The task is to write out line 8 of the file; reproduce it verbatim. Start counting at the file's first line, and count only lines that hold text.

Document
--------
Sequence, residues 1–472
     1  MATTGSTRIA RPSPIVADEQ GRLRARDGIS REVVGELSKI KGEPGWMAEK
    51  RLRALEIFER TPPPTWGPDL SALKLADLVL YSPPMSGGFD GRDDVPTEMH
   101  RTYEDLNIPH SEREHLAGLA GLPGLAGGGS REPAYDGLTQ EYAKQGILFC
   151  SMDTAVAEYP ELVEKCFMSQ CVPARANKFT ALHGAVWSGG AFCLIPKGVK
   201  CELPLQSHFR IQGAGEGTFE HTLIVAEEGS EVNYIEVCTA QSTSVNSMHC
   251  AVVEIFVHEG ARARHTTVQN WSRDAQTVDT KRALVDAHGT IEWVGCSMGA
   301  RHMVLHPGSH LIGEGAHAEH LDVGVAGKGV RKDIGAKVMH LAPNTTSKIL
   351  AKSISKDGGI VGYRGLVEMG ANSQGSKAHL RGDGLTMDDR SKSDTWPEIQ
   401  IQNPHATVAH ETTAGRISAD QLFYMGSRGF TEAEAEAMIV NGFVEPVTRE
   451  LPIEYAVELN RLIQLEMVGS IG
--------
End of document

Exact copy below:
   301  RHMVLHPGSH LIGEGAHAEH LDVGVAGKGV RKDIGAKVMH LAPNTTSKIL